Thursday November 24, 2011
LENOX -- "Music is my life," says David Grover, the Berkshires' best-known native balladeer. "It's the only thing I know how to do."
On this Thanksgiving Day, Grover is especially grateful since he's back from the brink of disaster. Dual medical emergencies over the past year threatened to end his four-decade career as a singer-songwriter and entertainer beloved by adults and children not only close to home but also on the road.
Tonight, he performs at the Lions Den in Stockbridge on the 40th anniversary of his debut there as a professional singer.
During a conversation at a local coffee house, Grover, 59, was candid about his series of crises, beginning with a diagnosis of adult-onset attention deficit disorder, coupled with the shattering impact of the Great Recession that left him just scraping by with minimal income -- "I was flat broke," as he put it -- and no medical insurance.
A graduate of Pittsfield High, Grover was among the original performers in Arlo Guthrie's band Shenandoah, along with Steve and Carol Ide, Terry "A La Berry" Hall and Dan Velika, from 1976 until the early 1990s.
On his own, apart from paying gigs, Grover has headlined many pro-bono benefit events in the Berkshires and beyond.
But last Thanksgiving, down and out, at his wits' end, he was far removed from a notable career that included Grammy and Emmy nominations as well as a Parents Choice award for albums and for network and public TV shows aimed at youngsters. He had performed at the White House, the United Nations and the Goodwill Games.
"This is very uncomfortable and difficult for me to talk about," Grover conceded.
But he is going public to help raise funds for Volunteers in Medicine Berkshires, the clinic of professionals in Great Barrington that came to his rescue just in time and provided urgently needed dental treatments worth well over $10,000.
While he's not yet out of the wilderness -- "I'm fighting to save our home by setting up a studio so I can give guitar lessons" -- the acoustic folk singer born and raised in Pittsfield is recovering from a severe case of ehrlichiosis, an infectious bacterial disease transmitted by dog and deer ticks.
About a year ago, while Grover was on tour in Florida, he developed a 105-degree fever and other flu-like symptoms typical of the disease, a close medical cousin of Lyme disease. Though rarely fatal, it can cause kidney or lung damage and even result in a coma unless treated promptly with antibiotics.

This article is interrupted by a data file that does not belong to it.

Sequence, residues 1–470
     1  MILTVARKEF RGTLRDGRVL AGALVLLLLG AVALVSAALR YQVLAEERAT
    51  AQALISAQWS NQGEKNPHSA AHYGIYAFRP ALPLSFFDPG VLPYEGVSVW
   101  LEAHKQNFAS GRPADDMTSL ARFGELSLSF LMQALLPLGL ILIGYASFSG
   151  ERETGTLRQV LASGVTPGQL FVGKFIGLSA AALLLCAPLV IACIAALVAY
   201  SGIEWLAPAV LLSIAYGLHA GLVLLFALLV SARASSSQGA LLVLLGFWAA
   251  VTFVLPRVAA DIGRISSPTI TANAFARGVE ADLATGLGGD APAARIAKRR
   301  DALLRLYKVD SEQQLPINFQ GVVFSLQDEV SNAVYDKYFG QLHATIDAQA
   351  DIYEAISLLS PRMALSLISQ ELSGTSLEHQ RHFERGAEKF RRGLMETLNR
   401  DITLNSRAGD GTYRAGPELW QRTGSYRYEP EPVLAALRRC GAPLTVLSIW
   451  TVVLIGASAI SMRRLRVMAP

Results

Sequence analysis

After being flat on his back for several weeks, Grover finally checked in to the BMC emergency room, where blood tests revealed the diagnosis and medication was prescribed.
Last November, upon the advice of a friend, the singer sought help at Volunteers in Medicine for advanced gum disease untreated for many years -- "I didn't have the $4,000," Grover said -- that was affecting his ability to sing and speak properly.
On the day Grover arrived at the VIM clinic in Great Barrington, he learned that dental surgery was on hold because of a 100-patient backlog. "You can imagine how I felt as I left," he said.
But Margo Rockefeller, the VIM coordinator of dental services, was able to work him into the schedule a couple of months later, just in time. Dr. Frank Sessa, the dental director at the clinic, and Dr. Thomas Sakshaug of Pittsfield provided the care, extracting his remaining teeth and fitting him with dentures.
"We got him back on the road so he could resume singing for a living," Rockefeller said Wednesday.
Grover, who lives in West Stockbridge with his wife of seven years, actress and singer Kathy Jo Barrett, is in better health now but is still grappling with the crippling effects of the weak economy.
"Live music is one of the first things to go because it's discretionary," he said. Once in heavy demand for concerts, benefits, weddings and other special events outside the Berkshires, especially in the Greater New York area, he lost most of those gigs. "But the Museum of Natural History kept me on," he noted gratefully.
With income at low ebb, Grover faces potential foreclosure on his home despite negotiations with his mortgage-holder, a major national bank. He's trying to sort that out while pursuing a more active career. On Wednesday night, he was performing in the New York suburb of Great Neck, Long Island.
Nevertheless, bookings remain scarce.
"If you had told me a year ago that the economy would be even worse this year, I'd have said you're crazy," said Grover, sadly.
But at least, against all odds, he has surmounted his health crises.
"I come from a holistic family," he said. His late father, Henry, was a chiropractor and at 86, his mother, Pauline, is still working as a home health-care aide caring for the elderly.
"Traditional medicine had not been high on my list," he conceded.
Now, grateful to the medical professionals who donate their time to Volunteers in Medicine, he is giving back by allowing the organization to tell his story through a fundraising mailing that has gone out to nearly 3,000 addresses.
Grover, a self-described alcoholic who has been sober for 24 years "a day at a time," calls his medical recovery "truly a miracle, and that's no exaggeration."
As he puts it, "the health care system could learn a lot from VIM about how to treat people in need with dignity."